Cease-fire breached as three rockets launched at south
After one day back, school canceled in several southern towns.
Two days after an Israeli-Palestinian cease-fire was announced in the south, Palestinians violated the truce by launching three Grad rockets at Israel last night.
And in Gaza, a Palestinian boy accidentally struck by a bullet when Palestinian gunmen fired in the air during a funeral died of his injuries on Wednesday.
Initially, Palestinian health official Adham Abu Salmia said that 8-year-old Barka al-Mugrahbi died of wounds sustained in an Israeli air strike on Monday. But the boy's relatives and witnesses later said he was marching in a funeral procession for a Gaza militant when he was struck in the head by an errant bullet fired by other militants.
An Iron Dome anti-missile battery shot down two of the Grads, which were aimed at Be'er Sheva, while the third landed on open ground near Ofakim. The rockets caused no casualties or property damage, but some people suffered anxiety attacks.
After the rockets landed, shortly before 7 P.M., five southern cities - Be'er Sheva, Ashdod, Ashkelon, Kiryat Malakhi and Gan Yavneh - decided to cancel school on Thursday, over the objections of the Home Front Command.
Earlier on Wednesday, Palestinians fired a mortar shell at the western Negev, but it apparently fell short and landed in the Gaza Strip.
As of last night, no Palestinian organization had claimed responsibility for the rockets. But the Israel Defense Forces believes they were launched by one of the small, radical Islamist factions in Gaza. Though all the factions' leaders committed to the truce in talks with Egyptian mediators, it seems some of their operatives don't agree.
Israel will presumably respond to the rocket fire, but its response is expected to be moderate, in an effort to avoid a resumption of the weekend's fighting. Defense officials said they believe Hamas doesn't want a resumption right now and will therefore try to restrain smaller factions.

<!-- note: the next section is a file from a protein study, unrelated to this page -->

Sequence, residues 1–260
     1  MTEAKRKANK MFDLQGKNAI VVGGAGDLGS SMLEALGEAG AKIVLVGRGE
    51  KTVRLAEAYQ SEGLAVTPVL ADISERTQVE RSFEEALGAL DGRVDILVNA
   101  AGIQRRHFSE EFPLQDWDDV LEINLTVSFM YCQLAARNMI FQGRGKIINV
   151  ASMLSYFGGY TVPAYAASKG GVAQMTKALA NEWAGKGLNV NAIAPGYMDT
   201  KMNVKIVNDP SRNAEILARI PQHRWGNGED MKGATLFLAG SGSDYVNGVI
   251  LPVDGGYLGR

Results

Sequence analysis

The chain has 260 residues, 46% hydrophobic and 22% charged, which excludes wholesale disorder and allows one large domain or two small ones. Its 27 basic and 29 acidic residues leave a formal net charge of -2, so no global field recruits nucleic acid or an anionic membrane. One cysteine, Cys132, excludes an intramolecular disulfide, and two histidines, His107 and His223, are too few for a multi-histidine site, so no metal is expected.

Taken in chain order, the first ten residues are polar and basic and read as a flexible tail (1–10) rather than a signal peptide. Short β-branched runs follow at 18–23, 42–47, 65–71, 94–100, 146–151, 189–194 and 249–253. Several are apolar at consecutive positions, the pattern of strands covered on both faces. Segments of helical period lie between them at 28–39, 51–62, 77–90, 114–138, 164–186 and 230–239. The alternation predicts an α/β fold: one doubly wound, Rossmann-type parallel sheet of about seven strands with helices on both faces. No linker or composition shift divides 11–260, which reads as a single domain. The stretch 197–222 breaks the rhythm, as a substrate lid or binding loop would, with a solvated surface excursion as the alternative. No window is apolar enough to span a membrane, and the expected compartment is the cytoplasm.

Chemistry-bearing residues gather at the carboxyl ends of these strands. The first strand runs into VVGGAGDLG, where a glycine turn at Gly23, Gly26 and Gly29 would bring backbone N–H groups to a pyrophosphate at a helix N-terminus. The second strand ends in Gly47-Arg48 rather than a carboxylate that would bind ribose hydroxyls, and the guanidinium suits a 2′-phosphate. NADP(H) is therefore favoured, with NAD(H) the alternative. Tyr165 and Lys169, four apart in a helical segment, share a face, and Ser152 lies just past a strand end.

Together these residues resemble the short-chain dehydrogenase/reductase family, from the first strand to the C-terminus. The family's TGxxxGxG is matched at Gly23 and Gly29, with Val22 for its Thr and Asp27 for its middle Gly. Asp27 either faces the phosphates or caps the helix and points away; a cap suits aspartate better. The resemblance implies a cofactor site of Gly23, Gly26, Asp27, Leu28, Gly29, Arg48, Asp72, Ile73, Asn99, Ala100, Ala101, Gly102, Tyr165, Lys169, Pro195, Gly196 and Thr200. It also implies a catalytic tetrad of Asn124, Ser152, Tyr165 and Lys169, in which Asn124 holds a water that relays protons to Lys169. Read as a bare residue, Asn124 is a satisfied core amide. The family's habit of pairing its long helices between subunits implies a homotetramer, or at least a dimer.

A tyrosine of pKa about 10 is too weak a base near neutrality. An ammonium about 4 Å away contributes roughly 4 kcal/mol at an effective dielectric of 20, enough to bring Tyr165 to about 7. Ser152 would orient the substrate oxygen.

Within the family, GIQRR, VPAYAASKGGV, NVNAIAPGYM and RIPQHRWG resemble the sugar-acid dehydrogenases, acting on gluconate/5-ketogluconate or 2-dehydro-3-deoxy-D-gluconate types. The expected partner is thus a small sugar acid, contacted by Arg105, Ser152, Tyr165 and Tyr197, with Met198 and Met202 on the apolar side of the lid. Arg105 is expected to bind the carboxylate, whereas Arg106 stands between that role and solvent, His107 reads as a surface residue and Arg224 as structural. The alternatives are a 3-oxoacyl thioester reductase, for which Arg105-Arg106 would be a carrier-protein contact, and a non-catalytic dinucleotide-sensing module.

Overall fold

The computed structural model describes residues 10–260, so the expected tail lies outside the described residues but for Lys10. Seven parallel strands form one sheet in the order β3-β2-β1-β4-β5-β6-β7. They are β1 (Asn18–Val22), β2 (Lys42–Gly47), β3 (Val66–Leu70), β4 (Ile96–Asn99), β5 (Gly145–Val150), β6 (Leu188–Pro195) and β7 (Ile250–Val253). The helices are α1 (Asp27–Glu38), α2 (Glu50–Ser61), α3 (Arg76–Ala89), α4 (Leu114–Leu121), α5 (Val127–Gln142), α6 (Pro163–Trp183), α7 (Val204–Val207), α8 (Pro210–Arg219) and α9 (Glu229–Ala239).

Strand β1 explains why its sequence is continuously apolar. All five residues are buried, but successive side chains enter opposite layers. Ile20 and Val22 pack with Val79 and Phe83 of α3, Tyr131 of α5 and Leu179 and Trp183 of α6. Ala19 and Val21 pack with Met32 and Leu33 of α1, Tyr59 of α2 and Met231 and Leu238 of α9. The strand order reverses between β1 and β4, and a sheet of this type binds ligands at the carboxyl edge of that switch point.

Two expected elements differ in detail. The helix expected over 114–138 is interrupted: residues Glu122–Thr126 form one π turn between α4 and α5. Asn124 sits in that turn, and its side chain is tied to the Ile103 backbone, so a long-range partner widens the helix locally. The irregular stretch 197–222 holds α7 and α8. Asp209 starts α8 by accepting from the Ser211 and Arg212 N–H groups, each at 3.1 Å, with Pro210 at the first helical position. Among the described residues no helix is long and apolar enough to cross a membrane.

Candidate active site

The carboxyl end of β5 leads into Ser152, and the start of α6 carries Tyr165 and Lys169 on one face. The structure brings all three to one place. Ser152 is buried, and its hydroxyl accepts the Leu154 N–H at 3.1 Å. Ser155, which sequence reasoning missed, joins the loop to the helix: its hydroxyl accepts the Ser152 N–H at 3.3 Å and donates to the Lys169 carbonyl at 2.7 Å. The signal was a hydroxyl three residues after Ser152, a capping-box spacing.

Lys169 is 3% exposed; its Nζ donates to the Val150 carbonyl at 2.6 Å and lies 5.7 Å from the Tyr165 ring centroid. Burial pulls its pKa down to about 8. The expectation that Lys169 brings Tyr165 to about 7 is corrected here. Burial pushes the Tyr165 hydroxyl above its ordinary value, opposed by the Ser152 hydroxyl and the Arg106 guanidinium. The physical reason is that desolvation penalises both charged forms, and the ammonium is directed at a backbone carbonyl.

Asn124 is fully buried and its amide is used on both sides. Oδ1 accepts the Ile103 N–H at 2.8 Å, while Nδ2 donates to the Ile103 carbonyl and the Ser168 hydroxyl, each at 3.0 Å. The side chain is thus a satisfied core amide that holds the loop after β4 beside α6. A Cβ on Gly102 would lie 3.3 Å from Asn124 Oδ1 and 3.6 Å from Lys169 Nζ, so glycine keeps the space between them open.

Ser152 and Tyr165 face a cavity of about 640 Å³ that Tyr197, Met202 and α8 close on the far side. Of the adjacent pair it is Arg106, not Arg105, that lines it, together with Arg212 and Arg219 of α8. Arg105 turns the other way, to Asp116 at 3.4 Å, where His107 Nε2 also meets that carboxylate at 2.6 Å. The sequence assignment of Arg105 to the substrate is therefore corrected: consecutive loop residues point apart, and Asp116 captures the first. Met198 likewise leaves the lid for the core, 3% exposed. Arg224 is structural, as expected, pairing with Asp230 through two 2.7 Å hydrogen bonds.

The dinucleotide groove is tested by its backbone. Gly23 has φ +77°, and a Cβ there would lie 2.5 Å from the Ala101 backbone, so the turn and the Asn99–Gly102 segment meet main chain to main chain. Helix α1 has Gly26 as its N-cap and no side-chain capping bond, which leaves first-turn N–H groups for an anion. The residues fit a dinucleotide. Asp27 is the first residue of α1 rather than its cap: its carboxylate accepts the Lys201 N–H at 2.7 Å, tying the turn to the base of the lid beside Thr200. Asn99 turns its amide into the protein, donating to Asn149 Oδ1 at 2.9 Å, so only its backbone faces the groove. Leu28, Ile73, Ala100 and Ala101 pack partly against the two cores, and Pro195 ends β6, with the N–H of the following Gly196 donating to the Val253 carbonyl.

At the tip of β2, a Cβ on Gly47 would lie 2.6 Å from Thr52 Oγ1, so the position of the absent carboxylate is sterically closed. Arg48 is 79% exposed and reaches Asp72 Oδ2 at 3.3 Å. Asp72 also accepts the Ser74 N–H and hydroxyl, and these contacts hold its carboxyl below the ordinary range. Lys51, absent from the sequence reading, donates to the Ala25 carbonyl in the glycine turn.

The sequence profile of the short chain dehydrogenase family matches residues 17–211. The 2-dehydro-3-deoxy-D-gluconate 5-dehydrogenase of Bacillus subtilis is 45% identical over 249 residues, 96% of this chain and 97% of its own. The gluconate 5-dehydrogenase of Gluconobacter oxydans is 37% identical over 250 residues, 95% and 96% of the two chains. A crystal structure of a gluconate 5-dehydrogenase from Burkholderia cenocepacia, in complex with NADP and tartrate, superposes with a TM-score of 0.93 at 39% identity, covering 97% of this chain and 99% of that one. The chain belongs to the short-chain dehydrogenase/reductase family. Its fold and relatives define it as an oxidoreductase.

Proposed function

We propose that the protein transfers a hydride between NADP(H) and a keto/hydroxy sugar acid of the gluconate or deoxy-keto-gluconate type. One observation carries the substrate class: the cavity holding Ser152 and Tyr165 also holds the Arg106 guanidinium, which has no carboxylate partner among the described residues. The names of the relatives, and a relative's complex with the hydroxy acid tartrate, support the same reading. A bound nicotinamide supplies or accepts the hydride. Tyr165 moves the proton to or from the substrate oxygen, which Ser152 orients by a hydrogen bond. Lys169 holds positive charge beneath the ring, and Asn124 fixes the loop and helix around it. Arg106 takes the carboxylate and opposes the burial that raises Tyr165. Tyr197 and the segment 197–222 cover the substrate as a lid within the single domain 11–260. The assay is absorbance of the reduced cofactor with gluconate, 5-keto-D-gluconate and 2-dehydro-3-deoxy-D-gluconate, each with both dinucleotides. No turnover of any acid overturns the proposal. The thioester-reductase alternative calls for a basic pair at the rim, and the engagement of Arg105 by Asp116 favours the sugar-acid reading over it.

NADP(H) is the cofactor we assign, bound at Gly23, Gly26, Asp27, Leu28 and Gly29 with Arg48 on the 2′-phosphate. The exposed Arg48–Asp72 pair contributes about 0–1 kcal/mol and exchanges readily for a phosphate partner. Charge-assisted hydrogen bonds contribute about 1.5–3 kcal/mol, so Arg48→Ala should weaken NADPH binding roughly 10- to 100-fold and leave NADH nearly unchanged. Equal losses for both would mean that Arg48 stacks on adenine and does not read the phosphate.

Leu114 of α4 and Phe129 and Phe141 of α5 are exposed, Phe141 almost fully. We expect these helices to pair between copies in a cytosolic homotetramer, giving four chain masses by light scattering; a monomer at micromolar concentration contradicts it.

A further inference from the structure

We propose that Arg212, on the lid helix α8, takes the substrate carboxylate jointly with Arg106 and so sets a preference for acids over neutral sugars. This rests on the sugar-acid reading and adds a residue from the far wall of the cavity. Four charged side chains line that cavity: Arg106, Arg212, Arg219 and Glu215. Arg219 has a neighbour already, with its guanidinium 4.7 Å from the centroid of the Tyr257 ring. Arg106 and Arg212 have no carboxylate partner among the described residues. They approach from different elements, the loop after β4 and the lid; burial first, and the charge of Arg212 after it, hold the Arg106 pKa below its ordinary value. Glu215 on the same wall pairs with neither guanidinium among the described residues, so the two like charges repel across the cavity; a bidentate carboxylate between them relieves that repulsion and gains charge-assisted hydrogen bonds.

But they stressed that Israel will continue to carry out targeted killings of terrorists if it receives intelligence warnings of a planned attack.
"There's no magic solution to rockets," GOC Southern Command Tal Russo said on Wednesday during a visit to a high school in Omer. "There won't be a complete solution even if we embark on another round of fighting."
Speaking before the rockets were fired at Be'er Sheva, Russo added, "I don't know how long the quiet will hold. But if they violate the quiet, we have many tools. In this round, we didn't use all the tools at our disposal. There could be situations in which a larger operation is needed."
Prime Minister Benjamin Netanyahu was supposed to leave for Paris and Madrid on Wednesday. But despite the cease-fire declaration he canceled the trip due to the "security situation in southern Israel" - raising the question of whether he expects another round of fighting to erupt.
The trip was scheduled to discuss Iran's nuclear program with French President Nicolas Sarkozy and the new Spanish prime minister, Mariano Rajoy.
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